Since 2016 Fundazucar, in alliance with the Ministry of Health, has promoted the innovative program “Health Comes First”, which trains public health workers to develop technical skills and an attitude of service.

In addition, joint prevention actions are carried out against COVID-19 and vector-borne diseases such as dengue, Zika and / or chinkunguya through the education and training of human resources in the health sector and in the communities of the South of Guatemala.

Some of the actions that have been carried out as part of the “Health Comes First” program are:

  • Delivery of the Protocol “Plan for the prevention, containment and response to cases of COVID-19” from the Ministry of Health to 65 health services of the South of Guatemala.
  • Trainings for 500 health professionals distributed in 12 face-to-face and / or virtual training workshops on the COVID-19 protocol of the Ministry of Health and preventive health promotion, with an emphasis on the “1,000-day window” and diseases caused by vectors such as Zika, Dengue and Chinkunguya; with 93% attendance.
  • Technical support to health professionals for the use and updating of epidemiological data analysis, with the aim of developing a culture of analysis of the information produced for making timely decisions.
  • Nine deliveries of Personal Protective Equipment -EPP- to 917 health workers in the priority area of the South of Guatemala to protect health workers on the first line of attention to COVID-19.
  • Participation of the Fundazucar team in 70 Nutritional Brigades for the active search for children with Acute Malnutrition, in coordination with the Ministry of Health and the Secretary of Food and Nutritional Security in 10 municipalities of 4 departments of the South of Guatemala.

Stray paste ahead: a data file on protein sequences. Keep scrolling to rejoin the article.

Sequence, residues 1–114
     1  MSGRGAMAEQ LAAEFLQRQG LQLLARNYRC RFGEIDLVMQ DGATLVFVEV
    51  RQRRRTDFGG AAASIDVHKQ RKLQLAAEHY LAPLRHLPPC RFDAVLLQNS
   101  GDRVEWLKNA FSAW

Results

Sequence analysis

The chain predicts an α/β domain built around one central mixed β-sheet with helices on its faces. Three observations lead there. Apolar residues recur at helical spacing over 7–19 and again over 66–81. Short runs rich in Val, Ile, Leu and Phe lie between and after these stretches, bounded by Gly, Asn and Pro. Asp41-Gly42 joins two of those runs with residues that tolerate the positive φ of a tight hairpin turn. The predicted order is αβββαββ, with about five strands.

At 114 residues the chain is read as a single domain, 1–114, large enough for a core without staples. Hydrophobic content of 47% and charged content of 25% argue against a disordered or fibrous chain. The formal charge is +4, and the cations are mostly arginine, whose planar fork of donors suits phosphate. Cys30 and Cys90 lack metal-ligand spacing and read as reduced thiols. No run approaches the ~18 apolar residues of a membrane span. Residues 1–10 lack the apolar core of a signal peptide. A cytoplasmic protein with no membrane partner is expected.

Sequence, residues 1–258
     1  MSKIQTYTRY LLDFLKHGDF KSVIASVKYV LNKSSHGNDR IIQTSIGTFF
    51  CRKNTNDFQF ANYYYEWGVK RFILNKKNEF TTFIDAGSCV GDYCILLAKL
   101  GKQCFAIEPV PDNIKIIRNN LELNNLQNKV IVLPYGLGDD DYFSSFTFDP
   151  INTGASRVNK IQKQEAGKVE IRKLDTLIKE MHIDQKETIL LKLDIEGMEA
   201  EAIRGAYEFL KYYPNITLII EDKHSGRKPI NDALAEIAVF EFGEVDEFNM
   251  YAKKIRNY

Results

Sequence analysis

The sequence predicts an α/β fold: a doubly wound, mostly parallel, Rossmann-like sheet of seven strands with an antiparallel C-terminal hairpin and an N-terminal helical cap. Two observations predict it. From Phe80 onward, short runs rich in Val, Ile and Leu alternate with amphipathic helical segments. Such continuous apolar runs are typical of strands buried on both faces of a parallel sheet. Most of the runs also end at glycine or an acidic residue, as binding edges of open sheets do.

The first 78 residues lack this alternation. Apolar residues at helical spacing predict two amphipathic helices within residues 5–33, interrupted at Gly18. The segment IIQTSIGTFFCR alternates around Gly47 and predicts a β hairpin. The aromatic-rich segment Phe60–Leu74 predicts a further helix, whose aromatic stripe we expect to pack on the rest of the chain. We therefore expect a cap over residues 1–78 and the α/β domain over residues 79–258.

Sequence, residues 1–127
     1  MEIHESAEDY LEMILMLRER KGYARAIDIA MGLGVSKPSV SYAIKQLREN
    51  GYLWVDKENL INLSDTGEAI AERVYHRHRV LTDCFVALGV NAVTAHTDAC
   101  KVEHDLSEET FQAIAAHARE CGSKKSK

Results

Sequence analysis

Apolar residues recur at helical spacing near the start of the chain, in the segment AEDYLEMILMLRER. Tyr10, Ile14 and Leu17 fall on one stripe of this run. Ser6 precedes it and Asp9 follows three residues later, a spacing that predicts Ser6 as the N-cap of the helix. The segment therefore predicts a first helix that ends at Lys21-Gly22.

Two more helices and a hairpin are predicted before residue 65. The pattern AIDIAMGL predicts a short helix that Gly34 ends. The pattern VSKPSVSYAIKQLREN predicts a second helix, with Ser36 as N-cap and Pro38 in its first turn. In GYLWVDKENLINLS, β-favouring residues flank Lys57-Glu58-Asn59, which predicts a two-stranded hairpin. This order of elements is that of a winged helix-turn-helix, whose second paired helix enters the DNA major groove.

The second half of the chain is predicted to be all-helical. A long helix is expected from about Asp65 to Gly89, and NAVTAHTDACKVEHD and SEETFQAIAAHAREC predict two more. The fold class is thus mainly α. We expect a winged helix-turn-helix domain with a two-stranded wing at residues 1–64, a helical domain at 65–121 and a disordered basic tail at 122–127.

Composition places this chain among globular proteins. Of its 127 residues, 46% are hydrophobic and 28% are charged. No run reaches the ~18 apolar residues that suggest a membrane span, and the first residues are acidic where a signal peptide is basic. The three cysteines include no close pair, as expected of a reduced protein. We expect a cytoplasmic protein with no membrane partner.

“The Guatemalan Sugar Industry promotes the development and well-being of the communities through a responsible operation and the execution of social programs aligned with the Sustainable Development Goals -SDG-“, affirmed Maria Silvia Pineda, Sustainability Manager of -Asazgua- and director of Fundazucar.

The Guatemalan Sugar Industry works hard on Soil conservation practices

practicas de conservacion de suelos

Soil conservation are practices to stop or avoid erosion, conserve the soil, and improve its fertility and productivity and the Guatemalan Sugar Industry is committed to enforce such measures.

The Guatemalan Center for Research and Training of Sugarcane -Cengicaña- published in 1994 the first study of soils in the sugarcane zone and since 2012, it has been working on the subject with the Private Institute for Climate Change Research -ICC- for the development and implementation of practices for the conservation and sustainable use of soils.

Among the practices are: